Cyanobacteria blooms dominated by Microcystis occur in freshwater lakes throughout the world, and likely exhibit similar optical properties as we observed in Lake Erie. Our observations are therefore relevant to a much broader set of lakes, and understanding their properties is critical to designing algorithms and interpreting remote sensing data, which is increasing in operational use for cHAB detection and ecological trend analysis. The complexities and ranges of the IOPs we observed in Lake Erie were beyond the ranges of most bio-optical algorithms that produce IOP products, such as NASA's Generalize IOP model (Werdell et al., 2013). Few semi-analytic algorithms have been tested in these conditions, but we believe standard models and algorithms will have high uncertainty. The empirical algorithms currently adapted for cHAB detection incorporate optical channels in the red and NIR wavelength region, and this is likely needed for any semi-analytic algorithm approach such as Mishra et al. (2013) who modified the Quasi Analytic Algorithm (Lee et al., 2002) to incorporate more bands in the green and red spectral region. There is more optical information contained in the signals in this region compared to blue region (400–500 nm) where many algorithms (and satellite sensors) are centered. New models are also needed for phytoplankton absorption and particle backscattering to account for the high absorption as seen in our data. While the VSF shape may be valid for Microcystis colonial particles, the spectral depression of backscattering at peak absorption bands (e.g., 443 nm) will impact the standard particle backscatter model, which is spectrally flat and does not account for spectral features. Furthermore, models designed for these conditions may not work elsewhere, which is expected. In Lake Erie, we observed waters with different optical properties in close proximity. Different optical conditions in these waters will also vary over time, and a bloom-specific algorithms will likely be ineffective in non-bloom conditions. To account for these algorithm issues, an intelligent system to choose the best algorithm is needed, as previously shown with empirical chlorophyll algorithms (Moore et al., 2014). Developing new forms of IOP models may be required if the existing approaches cannot accommodate these optical conditions through simple re-parameterization. Furthermore, will algorithms developed for Microcystis bloom conditions be applicable to other types of cyanobacteria species or non-bloom conditions? In other words, we do not know if an algorithm developed specifically for Microcystis could be applied to Plantktothrix dominated communities, but multiple algorithms could be accommodated by the aforementioned intelligent framework system. The observations and associated optical relationships described here are a step toward improving and developing well-validated algorithms for Microcystis blooms that are problematic in a variety of freshwater systems.
TM, CM, JS, MT, and SR designed the main field study for both years. TM, CM, JS, MT, AC, NS, and AY collected the field data. SR provided the logistical use of NOAA lab space for instrument assembly and water sample processing, use of the NOAA R/V for our study and field support. CM, TJ, AB, DP, AC, JS, MT, AN, and MM processed and analyzed the discrete water samples. TM and JS made the radiometric measurements. JS, MT, and NS processed and analyzed the MASCOT and Dolphin data. AW designed the NRL field study of 2014 and was responsible for NRL data processing. TM, CM, JS, and MT wrote the paper. All authors commented on and edited the paper.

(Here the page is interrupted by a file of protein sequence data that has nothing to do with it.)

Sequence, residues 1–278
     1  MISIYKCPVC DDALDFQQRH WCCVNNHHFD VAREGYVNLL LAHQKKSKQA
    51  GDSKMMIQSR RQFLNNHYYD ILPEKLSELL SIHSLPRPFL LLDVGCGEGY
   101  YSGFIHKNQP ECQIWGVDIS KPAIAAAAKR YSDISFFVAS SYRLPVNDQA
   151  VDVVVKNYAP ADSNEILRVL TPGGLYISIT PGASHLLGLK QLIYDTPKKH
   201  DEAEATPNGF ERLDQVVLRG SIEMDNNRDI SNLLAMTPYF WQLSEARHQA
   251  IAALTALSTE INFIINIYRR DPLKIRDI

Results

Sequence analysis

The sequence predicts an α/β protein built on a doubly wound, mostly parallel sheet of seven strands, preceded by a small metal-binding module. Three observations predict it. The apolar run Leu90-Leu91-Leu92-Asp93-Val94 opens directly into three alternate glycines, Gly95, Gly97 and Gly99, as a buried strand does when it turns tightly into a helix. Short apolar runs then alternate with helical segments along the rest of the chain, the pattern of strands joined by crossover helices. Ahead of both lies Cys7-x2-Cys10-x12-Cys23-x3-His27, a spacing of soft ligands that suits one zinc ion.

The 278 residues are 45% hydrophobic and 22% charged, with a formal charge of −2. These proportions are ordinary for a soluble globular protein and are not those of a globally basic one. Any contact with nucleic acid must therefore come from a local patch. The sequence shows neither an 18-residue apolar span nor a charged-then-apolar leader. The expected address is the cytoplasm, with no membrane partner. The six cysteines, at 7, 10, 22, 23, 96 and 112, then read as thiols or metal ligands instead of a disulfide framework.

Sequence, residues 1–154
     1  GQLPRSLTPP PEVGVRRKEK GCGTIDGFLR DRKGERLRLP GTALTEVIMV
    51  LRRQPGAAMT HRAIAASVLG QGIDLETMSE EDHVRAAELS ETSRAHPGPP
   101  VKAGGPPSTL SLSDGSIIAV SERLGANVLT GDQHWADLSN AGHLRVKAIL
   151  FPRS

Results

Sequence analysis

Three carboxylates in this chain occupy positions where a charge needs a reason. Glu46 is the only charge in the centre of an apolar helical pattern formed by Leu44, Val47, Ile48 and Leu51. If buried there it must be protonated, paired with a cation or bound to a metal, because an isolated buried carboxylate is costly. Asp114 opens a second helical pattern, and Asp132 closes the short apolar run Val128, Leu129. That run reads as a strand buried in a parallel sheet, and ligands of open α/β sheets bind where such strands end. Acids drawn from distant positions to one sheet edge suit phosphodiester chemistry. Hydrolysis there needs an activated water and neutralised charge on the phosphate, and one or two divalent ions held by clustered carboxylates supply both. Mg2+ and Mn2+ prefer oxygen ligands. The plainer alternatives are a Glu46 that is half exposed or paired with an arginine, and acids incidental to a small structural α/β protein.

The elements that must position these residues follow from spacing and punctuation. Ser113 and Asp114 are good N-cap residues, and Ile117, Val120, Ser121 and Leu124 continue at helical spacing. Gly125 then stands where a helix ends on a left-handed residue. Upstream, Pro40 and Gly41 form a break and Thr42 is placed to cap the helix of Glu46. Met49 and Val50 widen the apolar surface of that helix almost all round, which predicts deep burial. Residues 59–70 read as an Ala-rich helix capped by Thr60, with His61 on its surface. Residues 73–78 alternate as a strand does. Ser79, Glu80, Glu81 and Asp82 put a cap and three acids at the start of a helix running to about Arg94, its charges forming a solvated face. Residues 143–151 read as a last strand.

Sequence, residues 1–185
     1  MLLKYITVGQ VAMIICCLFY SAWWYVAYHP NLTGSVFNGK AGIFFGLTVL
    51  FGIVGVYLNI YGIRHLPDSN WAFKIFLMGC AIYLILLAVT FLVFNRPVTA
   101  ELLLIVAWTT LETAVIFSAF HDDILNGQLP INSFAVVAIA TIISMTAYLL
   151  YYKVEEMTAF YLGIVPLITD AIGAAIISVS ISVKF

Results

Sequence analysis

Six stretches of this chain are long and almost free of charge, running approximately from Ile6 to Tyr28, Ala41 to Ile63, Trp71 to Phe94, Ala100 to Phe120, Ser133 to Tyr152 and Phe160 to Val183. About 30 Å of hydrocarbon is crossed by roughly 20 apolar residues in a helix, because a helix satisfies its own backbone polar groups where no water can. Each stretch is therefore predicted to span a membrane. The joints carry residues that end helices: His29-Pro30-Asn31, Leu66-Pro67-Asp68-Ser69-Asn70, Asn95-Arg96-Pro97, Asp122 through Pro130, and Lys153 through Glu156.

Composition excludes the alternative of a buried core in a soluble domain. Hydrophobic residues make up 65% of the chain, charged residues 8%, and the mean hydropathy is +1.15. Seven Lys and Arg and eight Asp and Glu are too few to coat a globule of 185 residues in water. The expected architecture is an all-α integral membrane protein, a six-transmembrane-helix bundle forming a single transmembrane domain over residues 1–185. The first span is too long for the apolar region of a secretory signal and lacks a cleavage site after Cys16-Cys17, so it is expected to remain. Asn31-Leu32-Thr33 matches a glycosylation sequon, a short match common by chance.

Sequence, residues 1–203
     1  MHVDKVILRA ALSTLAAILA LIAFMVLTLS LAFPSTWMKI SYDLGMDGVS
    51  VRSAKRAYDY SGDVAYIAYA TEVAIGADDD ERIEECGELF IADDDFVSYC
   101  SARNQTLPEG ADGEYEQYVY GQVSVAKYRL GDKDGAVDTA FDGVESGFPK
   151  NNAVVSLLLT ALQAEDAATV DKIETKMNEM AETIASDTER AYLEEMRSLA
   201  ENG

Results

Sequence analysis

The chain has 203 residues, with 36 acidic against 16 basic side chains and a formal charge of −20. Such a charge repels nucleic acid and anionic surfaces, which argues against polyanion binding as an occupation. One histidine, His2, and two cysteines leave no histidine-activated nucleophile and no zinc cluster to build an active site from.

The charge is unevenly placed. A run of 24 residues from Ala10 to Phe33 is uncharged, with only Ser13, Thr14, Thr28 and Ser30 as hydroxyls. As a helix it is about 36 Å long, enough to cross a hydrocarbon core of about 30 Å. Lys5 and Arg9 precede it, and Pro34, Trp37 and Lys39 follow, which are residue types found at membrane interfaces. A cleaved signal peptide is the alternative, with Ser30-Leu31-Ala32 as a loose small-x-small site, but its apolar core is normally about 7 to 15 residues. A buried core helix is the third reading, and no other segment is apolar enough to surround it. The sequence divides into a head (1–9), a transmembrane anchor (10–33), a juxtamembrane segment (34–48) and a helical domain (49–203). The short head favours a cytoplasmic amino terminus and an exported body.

Funding for TM, MT, JS, and CM was provided by the National Science Foundation (OCE-1313783) and the National Institute for Environmental Health Sciences (1R01ES021929-01). Funding support for NRLSSC components of this research was provided through the Office of Naval Research (project 73-4628-A6). Additional support for MT was also provided through a Harbor Branch Institute of Oceanography Foundation award, and NASA grants NNX15AR65G and NNX15AN17G. Additional support for JS, MM, and AN was provided by the Harbor Branch Oceanographic Institute Foundation, NASA (NNX15AR65G) and NSF (1634053, 1657332). Funding support for DP, AB, TJ, and SR was provided through the Great Lakes Restoration Initiative. This manuscript is contribution number 1117 for the Cooperative Institute for Great Lakes Research, University of Michigan. This manuscript is NOAA Great Lakes Environmental Research Laboratory contribution No. 1867.
Conflict of Interest Statement
The authors declare that the research was conducted in the absence of any commercial or financial relationships that could be construed as a potential conflict of interest.
We would like to thank NOAA GLERL provided ship and lab resources for the field observations in 2013 and 2104, and Captain Tom Joyce for helping guide our sampling strategy. We thank Erin Cafferty for the 2013 microscopy cell counts. We would also like to thank Heidi Dierssen for loaning the ASD radiometer for use in the field, and for guidance on data processing. We would like to thank Tom Bridgeman for conversations on Lake Erie ecology. We also thank the two reviewers and the editors at Frontiers.
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Keywords: harmful algal blooms, inherent optical properties, cyanobacteria, freshwater lakes, remote sensing
Citation: Moore TS, Mouw CB, Sullivan JM, Twardowski MS, Burtner AM, Ciochetto AB, McFarland MN, Nayak AR, Paladino D, Stockley ND, Johengen TH, Yu AW, Ruberg S and Weidemann A (2017) Bio-optical Properties of Cyanobacteria Blooms in Western Lake Erie. Front. Mar. Sci. 4:300. doi: 10.3389/fmars.2017.00300
Received: 10 May 2017; Accepted: 31 August 2017;
Published: 27 September 2017.
Edited by:George S. Bullerjahn, Bowling Green State University, United States
Reviewed by:Wei Xie, Tongji University, China
Maureen Coleman, University of Chicago, United States
Copyright © 2017 Moore, Mouw, Sullivan, Twardowski, Burtner, Ciochetto, McFarland, Nayak, Paladino, Stockley, Johengen, Yu, Ruberg and Weidemann. This is an open-access article distributed under the terms of the Creative Commons Attribution License (CC BY). The use, distribution or reproduction in other forums is permitted, provided the original author(s) or licensor are credited and that the original publication in this journal is cited, in accordance with accepted academic practice. No use, distribution or reproduction is permitted which does not comply with these terms.
*Correspondence: Timothy S. Moore, email@example.com